After Obama Win, Calls For Secession Pour In (Again)

| Tue Nov. 13, 2012 1:07 PM EST
Confederate flag superman bro

Well, President Barack Obama won reelection. And by quite a lot, actually.

The options for despondent conservatives are somewhat limited at this juncture: They can pout. They can turn on each other. They can keep their heads and plot a 2016 comeback. They can call for impeachment hearings.

Or they can play the secession card.

In the days since the election, the White House website has been inundated with secession-related petitions on its "We the People" page, with concerned citizens requesting the "peaceful" secession of more than half of the country's states. The Louisiana petition has received over 28,000 signatures, and Texas' now has over 25,000. Per the "We the People" rules, these petitions now have enough signatures to merit an official response from the White House. "None of the petitions explicitly cite Obama's reelection as a reason for independence, but all were created after last week's elections," Politico's Byron Tau reported on Monday. "Most of the petitions simply quote the Declaration of Independence in their request to depart the country." Via his press secretary on Monday, Texas governor (and former 2012 Republican presidential candidate) Rick Perry came out against secession while emphasizing his continued "frustrations" with the federal government. (It appears Perry's tone has softened since 2009.)

Nearly identical secession petitions have also been created for over 30 states. Here's an example of one petition asking the federal government to, "Peacefully grant the State of New York to withdraw from the United States of America and create its own NEW government." It's important to note that this petition was created by "C R" in Grand Forks, North Dakota, not by anyone in New York. It cropped up on November 10, and currently has upwards of 11,000 signatures:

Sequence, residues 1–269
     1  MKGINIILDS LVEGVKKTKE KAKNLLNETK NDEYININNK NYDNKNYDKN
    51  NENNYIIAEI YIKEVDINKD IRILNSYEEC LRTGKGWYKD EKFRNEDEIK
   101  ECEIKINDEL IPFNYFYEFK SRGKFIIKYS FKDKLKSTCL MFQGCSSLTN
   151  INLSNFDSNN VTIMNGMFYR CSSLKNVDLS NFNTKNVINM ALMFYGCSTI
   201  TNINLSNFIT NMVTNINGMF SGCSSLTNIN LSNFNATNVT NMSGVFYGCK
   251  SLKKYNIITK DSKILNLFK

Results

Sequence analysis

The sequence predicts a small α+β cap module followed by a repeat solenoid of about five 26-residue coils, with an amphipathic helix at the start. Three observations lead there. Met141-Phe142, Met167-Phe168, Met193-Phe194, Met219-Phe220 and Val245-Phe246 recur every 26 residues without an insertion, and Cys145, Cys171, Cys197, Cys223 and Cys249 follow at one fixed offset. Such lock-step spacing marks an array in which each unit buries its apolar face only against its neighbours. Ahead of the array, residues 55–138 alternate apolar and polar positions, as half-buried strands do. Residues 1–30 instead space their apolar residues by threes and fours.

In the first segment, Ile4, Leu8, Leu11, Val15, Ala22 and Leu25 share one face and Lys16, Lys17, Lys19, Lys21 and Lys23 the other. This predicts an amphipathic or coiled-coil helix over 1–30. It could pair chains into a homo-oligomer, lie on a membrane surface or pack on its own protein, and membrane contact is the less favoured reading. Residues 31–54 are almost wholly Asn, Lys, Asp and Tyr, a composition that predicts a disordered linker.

The White HouseThe White House(A minor backlash to these on "We the People" includes a counterpetition titled, "Deport Everyone That Signed A Petition To Withdraw Their State From The United States Of America.")

Though the "We the People" petition page is a nice enough idea, it frequently unleashes spates of White House-sanctioned trollmageddon. If the parade of lazily crafted secession entreaties aren't enough for you, here's the Obama administration's response last year to two separate petitions demanding answers regarding an X-Files-style alien cover-up. There was also that one petition asking the White House to start taking these petitions more seriously.

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Meanwhile, down in southeast Texas, Peter Morrison, a treasurer of the Republican Party in Hardin County (897 square miles, population 55,200, 90 percent white), wrote a column in a local tea party newsletter shortly after Obama's 332-206 Electoral College win. The op-ed pretty much summed up how hard he took election night:

We must contest every single inch of ground and delay the baby-murdering, tax-raising socialists at every opportunity. But in due time, the maggots will have eaten every morsel of flesh off of the rotting corpse of the Republic, and therein lies our opportunity…Texas was once its own country, and many Texans already think in nationalist terms about their state. We need to do everything possible to encourage a long-term shift in thinking on this issue. Why should Vermont and Texas live under the same government? Let each go her own way in peace, sign a free trade agreement among the states and we can avoid this gut-wrenching spectacle every four years.

Morrison goes on to rail against "many" members of minority groups as "simply racist against the party most white people happen to vote for," taking special exception to (overwhelmingly) Democratic-leaning Asian American voters who "[should be Republicans] as they earn more money and pay more in taxes than white Americans." He describes his proposal as an "amicable divorce" from the rest of America.

When asked about Morrison's highly emotional newsletter, Hardin County Republican Party chairman Kent Batman (Kent. Batman.) responded with this statement:

Wow.

Okay, well....I guess I need to start taking a look at his newsletters...I don't think a lot of people [in Texas] are saying we ought to leave the Union.

In response to Morrison's venting, Hardin County's GOP posted this statement to their website:

Republican Party Republican Party of Hardin County

 

The sheer volume of "Barack Obama is president! Time to reenact 1860"-type pronouncements that have poured out over the last four years is remarkable. These recent examples won't be the last, and certainly weren't the first. Here's a look back at some secession-happy highlights during Obama's first term:

Obama isn't the first Democratic commander-in-chief who's had to deal with this kind of loose secession talk. You only have to look back as far as the '90s, when Bill Clinton took his fair share of secession-hate over episodes like Waco and Ruby Ridge.

For a broader look at American secession movements, check out our interactive map of contemporary separatist groups—from the League of the South to stoner homeland "Ganjastan"—that want to ditch the United States and go it alone:

 

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